"Talk time" is a tradition we started when our two sons were preschoolers. At the end of each day, my husband and I would take turns curling up with them in bed while they regaled us with the unfolding of their days: soggy sandwiches, favourite books, playground politics. They barely needed prodding to charge through their struggles and achievements with colourful and endless detail.
Over the years the topics changed, the details waned and the breathless stories turned into half-lidded mumbles of "I dunno" or the verbal umbrella, "Good."
Recently, our 14-year-old bought himself a cellphone. "Text time," in all its monosyllabic, misspelled glory, is the new "talk time," whether I like it or not.
I used to be anti-texting and I harshly judged the vacant-eyed robots who shuffled around with their hand-held life lines, oblivious to the world around them. I swore to myself I'd never be one of those people; texting was for the young and self-absorbed.
Then I got an iPhone for Christmas. I'm not exactly young, but I am teetering on self-absorbed and oblivious now.
And what about text-speak? As an English teacher, I was sickened reading such ridiculous excuses for the language as, "R u there?" In my wildest dreams, I wouldn't have believed I'd text my son with such blasphemy as, "Did u rat?" (it was supposed to read "Did u eat?"). The good news is I no longer judge others.
There is an art to texting. Although I love the volley of a real-life chat, when it comes to that Lilliputian keyboard, I'm grateful that texting requires word economy. Once told by a piano teacher that I had perfect fingers for ivory tickling, I was more than a little surprised they failed me when it came to typing my magic. They were nothing more than clunky tentacles tripping over each other, forever tapping the wrong letter.
Plus, if I didn't have my reading glasses, I couldn't see the medicine-bottle-size letters, so I didn't burden myself with proofreading. That is until said son, within three nanoseconds of receiving a message from me that clearly stated, "Rmorrro," responded with "???". Confused, I fired off a better one, clearer this time: "Pt." His exasperation was clear in the next text: "Read your messages before sending." Show-off.
But from the first message I received from our teen, I've been hooked. It happened as I was backing out of the driveway en route to his out-of-town hockey tournament. That morning I asked him to text me with the score of his first game. I heard a sound coming from my purse, yanked the emergency brake into place to investigate and there it was: "We lost 3-0." Clumsily, I typed back the first of many concise and adjectiveless responses: "Bummr."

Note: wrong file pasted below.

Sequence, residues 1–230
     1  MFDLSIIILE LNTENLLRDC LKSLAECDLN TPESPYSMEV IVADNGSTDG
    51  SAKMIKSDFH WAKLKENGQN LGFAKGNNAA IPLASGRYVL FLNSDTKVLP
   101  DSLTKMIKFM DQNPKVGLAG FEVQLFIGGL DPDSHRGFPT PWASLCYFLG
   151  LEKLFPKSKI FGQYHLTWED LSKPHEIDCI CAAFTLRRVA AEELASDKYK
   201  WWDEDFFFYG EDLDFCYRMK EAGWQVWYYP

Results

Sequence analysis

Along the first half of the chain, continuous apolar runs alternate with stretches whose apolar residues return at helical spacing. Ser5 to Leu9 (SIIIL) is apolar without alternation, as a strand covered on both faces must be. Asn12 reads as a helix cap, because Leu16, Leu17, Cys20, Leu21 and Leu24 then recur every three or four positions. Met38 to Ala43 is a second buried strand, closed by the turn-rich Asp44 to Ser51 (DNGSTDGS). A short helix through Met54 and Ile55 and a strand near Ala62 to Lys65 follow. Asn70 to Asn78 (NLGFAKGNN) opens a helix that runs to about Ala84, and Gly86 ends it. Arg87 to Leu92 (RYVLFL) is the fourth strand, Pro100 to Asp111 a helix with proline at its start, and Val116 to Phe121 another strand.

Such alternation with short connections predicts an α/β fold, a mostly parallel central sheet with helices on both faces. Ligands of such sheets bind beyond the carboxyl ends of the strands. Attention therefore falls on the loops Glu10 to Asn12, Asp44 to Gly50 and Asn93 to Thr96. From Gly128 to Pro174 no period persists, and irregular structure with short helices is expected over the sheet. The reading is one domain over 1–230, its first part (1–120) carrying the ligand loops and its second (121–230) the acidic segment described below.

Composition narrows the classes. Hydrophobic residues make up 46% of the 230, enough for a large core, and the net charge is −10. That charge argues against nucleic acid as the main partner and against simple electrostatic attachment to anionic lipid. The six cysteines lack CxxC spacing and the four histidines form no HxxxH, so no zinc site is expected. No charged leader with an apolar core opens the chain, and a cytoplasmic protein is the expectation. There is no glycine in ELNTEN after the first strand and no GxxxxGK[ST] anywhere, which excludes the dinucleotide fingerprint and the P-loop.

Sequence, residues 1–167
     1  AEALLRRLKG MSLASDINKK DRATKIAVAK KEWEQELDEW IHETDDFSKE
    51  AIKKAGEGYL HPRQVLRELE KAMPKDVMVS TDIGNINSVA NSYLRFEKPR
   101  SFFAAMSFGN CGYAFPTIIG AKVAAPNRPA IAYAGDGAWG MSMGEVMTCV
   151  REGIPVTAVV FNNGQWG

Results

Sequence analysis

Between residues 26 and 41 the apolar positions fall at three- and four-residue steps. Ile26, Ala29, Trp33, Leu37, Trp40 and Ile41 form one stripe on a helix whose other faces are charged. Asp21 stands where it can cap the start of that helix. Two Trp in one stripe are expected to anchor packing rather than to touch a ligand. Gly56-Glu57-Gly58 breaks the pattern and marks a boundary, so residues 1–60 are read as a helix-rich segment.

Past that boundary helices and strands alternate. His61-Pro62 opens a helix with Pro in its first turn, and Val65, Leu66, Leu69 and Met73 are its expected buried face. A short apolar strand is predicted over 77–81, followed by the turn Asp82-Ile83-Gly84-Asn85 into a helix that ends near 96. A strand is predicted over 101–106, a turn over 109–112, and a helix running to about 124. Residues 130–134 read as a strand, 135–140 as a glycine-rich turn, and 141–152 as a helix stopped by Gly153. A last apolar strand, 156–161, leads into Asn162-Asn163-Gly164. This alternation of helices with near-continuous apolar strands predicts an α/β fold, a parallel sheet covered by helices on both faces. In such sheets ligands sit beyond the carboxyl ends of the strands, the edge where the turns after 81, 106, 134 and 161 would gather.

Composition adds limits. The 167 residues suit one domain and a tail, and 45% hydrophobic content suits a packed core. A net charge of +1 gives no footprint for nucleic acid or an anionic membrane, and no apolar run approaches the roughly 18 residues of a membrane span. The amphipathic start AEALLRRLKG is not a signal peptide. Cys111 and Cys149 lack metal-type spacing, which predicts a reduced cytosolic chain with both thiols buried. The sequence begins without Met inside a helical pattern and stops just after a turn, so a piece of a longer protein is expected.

In the good old days (think spoken words), I would have offered so much more: uneducated questions about the breakdown of plays, incorrect comparisons to NHL games, aimless pep talks, misguided advice and Academy Award-winning facial expressions. With "text time" there is no room for this and I have the strangest feeling our son likes that part of it. I'm working on my vacant-eyed look.
Texting is something the whole family can enjoy. For example, when our son recently went to a concert with a friend, my husband and I told him to text us regarding pick-up time and location. As it happens, there was a lull, to the tune of an hour and a half, between acts. So we took turns delving into his psyche from the comfort of our home.
My husband texted, "R u bored?" He answered, "Yep." I dug further: "Packed house?" He replied, "Uh huh." I typed: "vvrtts unm" He typed: "That you mom?"
Using his phone, he took a picture of the stage to show us how close they were to it. We responded by taking a picture of my husband to show how close I was standing to him. Our son loved the photo. We could tell by his response: "Uh. Thanks?" Think of it as a family trip without the car.
There are other benefits. Once I get good at tapping out the right letters, I plan to use texting to offer terse directives to our growing man/boy. For instance, if he's out past curfew, I might fire off: "Where r u?" If his response doesn't come in quickly enough, I could add: "Party ovr. Pls leave." Then, before his drive home, I could remind him, "Drive slo." It's not the lecture-based, facial-expression-heavy stuff I shine at, but since speaking in full sentences is so yesterday, I'll do it.
The main thing is we are communicating. Not to mention, I'm positive our teen is tickled to bits that we can stay in touch with him at all times, and I'm confident he will cherish my future advice via the teensy keyboard. My fingers are becoming nimble weapons and I know now to keep my glasses handy to avoid future texting gobbledygook.
The vacant look, though, is the hardest for me since my face is my stage. Our sons' news, however monosyllabic, is the highlight of my days. Colourful adjectives and breathless stories are nothing more than a distant memory. Bummr.
Colleen Landry lives in Moncton.